I am sitting in the dining room, back home (Having been married for more than a decade, home is and will always be my parent’s house; one where I grew up with my little sister and one where my little girl spends her summer vacations each year). My little chefling is enjoying the makhane ki kheer her nani made for her to try and I am looking at both of them enjoying each other’s company with a cup of coffee in my hand. My parents don’t drink coffee but always make sure they have a jar ready for me when we visit.
Khana thanda ho jayega! The only way to enjoy food is to eat it when hot, warm. Ask any mum and she’ll tell you so. She’d even go to the extent of switching off the fan until you’re ready to eat! Listen to her, especially, if you dread the sight of malai atop your glass of milk, or kheer!
I like to savour my coffee. It is one of those things that keep the mother in me sane during the vacations when you hear “I am bored”, “I am hungry” and “Can you play with me?” multiple times a day. Not too rushed. Not disrespecting the beverage I have a lot of regard for. Not too hot. Not too cold. Just perfect. I pick up my cup and take a sip. I almost puke.
And I realise it is that thin layer of clingy malai floating on top that has made its way to my mouth and was now clung to tongue coating it with its slimy texture. Oh how I hated it! And how I had forgotten its very existence! After having spent decades in India we moved to Dubai some years back. With just a three-hour flight between Delhi and Dubai it is comforting to know you can be home when you want. Infact, being in Dubai is very similar to being in Delhi. With a huge Indian population, we celebrate all our festivals, wear our salwars and sarees with pride, and basmati rice, vegetables, spices, even soaps are all a phone call away! Yes, it a home away from home. But. But we don’t have fans. There is only central air conditioning in most of our homes. Ours too. So in the last few years I had kind of forgotten how the combination of a ceiling fan running over your head and a cup of coffee kept under it could make you gag. I muster some courage and dip my finger into the coffee and push away the rest of the malai on to the sides of the cup. Just like my sister and I would do when my mum would give us our big glass of Horlicks each evening, before we headed out to the park to play. We hated it and mum would say you take so long to come that the milk gets cold and malai forms. Drink when it’s hot. Also, why can’t you both simply gulp it down along with the malai, would be her next statement. We can’t! We just can’t! Both of us would say in a chorus and she would shrug her shoulders and go back to what she was doing. Don’t take me wrong I love cream. But in a Paneer Makhni or a Butter Chicken or on a Shahi Tukra. Just not the kind that forms in my glass of milk. The malai on coffee took me straight back to my childhood.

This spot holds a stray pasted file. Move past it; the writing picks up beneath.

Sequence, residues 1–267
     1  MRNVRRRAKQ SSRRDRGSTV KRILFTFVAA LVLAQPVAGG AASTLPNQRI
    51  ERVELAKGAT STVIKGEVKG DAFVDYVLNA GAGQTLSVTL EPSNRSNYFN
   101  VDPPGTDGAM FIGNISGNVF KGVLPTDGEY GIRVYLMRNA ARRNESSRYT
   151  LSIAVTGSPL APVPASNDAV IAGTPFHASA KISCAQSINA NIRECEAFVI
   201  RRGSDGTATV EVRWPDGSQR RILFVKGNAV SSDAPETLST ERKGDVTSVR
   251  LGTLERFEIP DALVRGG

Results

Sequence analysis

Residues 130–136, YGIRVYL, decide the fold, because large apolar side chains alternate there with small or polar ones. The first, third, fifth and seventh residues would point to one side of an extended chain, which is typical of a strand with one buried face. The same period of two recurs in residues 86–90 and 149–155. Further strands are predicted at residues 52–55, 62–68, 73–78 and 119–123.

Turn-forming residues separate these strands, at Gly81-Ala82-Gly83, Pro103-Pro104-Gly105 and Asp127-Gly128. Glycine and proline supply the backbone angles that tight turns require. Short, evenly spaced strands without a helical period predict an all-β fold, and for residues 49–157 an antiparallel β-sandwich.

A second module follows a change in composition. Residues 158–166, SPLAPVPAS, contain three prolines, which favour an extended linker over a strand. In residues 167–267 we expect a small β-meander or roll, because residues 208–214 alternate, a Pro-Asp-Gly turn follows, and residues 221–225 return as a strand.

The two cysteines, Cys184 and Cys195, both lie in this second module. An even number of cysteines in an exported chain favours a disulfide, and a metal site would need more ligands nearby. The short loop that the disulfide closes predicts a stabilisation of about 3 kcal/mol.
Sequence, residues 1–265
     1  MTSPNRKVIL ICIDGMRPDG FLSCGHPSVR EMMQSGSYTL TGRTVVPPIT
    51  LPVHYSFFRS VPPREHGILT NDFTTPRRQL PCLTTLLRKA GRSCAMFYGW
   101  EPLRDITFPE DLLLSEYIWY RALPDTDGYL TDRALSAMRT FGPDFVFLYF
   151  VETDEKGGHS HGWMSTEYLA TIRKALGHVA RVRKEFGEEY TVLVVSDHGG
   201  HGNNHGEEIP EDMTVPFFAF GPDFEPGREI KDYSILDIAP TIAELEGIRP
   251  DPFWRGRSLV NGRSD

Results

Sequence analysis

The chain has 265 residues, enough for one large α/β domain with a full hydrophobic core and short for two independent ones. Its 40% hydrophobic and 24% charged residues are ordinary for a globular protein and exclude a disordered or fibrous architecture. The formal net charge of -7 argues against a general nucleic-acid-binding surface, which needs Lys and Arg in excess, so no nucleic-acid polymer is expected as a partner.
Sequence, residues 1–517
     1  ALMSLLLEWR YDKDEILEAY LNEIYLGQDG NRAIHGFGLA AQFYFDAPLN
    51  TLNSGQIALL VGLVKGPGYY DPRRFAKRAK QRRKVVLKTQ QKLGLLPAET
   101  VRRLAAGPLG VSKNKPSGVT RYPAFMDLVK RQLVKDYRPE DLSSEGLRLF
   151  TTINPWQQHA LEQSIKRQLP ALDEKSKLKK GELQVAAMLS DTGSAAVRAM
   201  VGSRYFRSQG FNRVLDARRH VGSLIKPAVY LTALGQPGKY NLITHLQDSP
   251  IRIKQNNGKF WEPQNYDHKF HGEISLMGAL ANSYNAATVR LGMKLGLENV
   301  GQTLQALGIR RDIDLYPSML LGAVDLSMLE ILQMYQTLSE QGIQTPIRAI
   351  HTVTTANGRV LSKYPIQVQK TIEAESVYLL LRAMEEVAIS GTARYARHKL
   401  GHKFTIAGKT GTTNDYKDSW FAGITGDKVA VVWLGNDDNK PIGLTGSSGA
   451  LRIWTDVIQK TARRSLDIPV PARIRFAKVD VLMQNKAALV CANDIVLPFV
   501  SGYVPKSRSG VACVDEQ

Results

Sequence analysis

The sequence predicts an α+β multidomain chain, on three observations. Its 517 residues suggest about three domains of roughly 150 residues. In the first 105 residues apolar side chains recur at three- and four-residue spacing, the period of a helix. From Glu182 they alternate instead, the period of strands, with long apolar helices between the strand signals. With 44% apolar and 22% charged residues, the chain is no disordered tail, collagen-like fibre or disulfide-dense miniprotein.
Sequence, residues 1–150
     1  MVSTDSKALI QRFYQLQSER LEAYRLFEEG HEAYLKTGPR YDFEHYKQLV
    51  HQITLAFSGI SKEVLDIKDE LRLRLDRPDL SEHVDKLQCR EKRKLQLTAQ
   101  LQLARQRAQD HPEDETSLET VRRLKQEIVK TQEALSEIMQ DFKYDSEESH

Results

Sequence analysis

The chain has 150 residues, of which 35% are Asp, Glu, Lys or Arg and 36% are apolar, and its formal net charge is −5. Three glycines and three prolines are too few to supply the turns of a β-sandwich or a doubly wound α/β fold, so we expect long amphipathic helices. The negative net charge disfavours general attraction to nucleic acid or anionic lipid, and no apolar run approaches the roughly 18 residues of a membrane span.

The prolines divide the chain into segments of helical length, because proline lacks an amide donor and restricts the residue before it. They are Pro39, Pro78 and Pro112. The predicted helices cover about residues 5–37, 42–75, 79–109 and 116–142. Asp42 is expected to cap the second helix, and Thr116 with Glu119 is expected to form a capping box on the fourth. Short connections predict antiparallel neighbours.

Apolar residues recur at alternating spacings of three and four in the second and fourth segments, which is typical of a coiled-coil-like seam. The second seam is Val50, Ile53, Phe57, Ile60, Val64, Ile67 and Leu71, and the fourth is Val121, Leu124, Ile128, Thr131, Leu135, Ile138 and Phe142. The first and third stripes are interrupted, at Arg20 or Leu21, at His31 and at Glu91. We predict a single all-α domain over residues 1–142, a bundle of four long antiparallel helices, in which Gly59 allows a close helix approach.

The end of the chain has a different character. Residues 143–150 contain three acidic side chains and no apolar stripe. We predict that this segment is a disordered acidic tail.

Once the fan was spinning, there were reminders to eat as fast as we could kyunki khana thanda ho jayega aur puri garam garam hi achi lagti hai!!
Khana thanda ho jayega was something we all grew up with, I guess. Much as we treasured the running fan, lunch and dinner hours were times when mum would switch it off while we helped her set the table and it would remain like that till everyone had joined. Once the fan was spinning, there were reminders to eat as fast as we could kyunki khana thanda ho jayega aur puri garam garam hi achi lagti hai!! Sunday mornings were always special. No school. No mad rush to get ready or to have breakfast. My sister and I would get up late and mum being the Indian mum (All “good children” must have a glass of milk with Horlicks first thing in the morning) would give us a tall glass of milk each. However, this time there wasn’t any rush to gulp it down. We would get the big blue “Brite” box that had rusks for me and the yellow “Brite” oval one that had Parle-G for my sister to dip in our milk. Along with that was the Sunday newspaper and the supplements to give us company. But enjoying this experience required some strategic planning. The rusk dabba had to be kept on one corner of the paper and on the other side stood the glass of milk precariously balancing itself on the mattress. Ditto for my sister with her Parle G dabba and her glass of milk. Why you ask! Because of the fan that made the newspaper fly in all the directions possible and prevented us from enjoying our dunking and reading ritual! Our mum of course would warn us each time she passed by our room that the glass of milk of would land on the bed and why we couldn’t sit on the dining table and read and drink!! Thanks to our dexterity it never did. Such lovely and beautiful memories of childhood came back as I sat under the ceiling fan and watched the blades of the fan rotating over my head. What is the first thing that comes to your mind when you sit under a ceiling fan? I’d love to hear.
Keep blowing the Trumpet! This & many more stories await in the pages!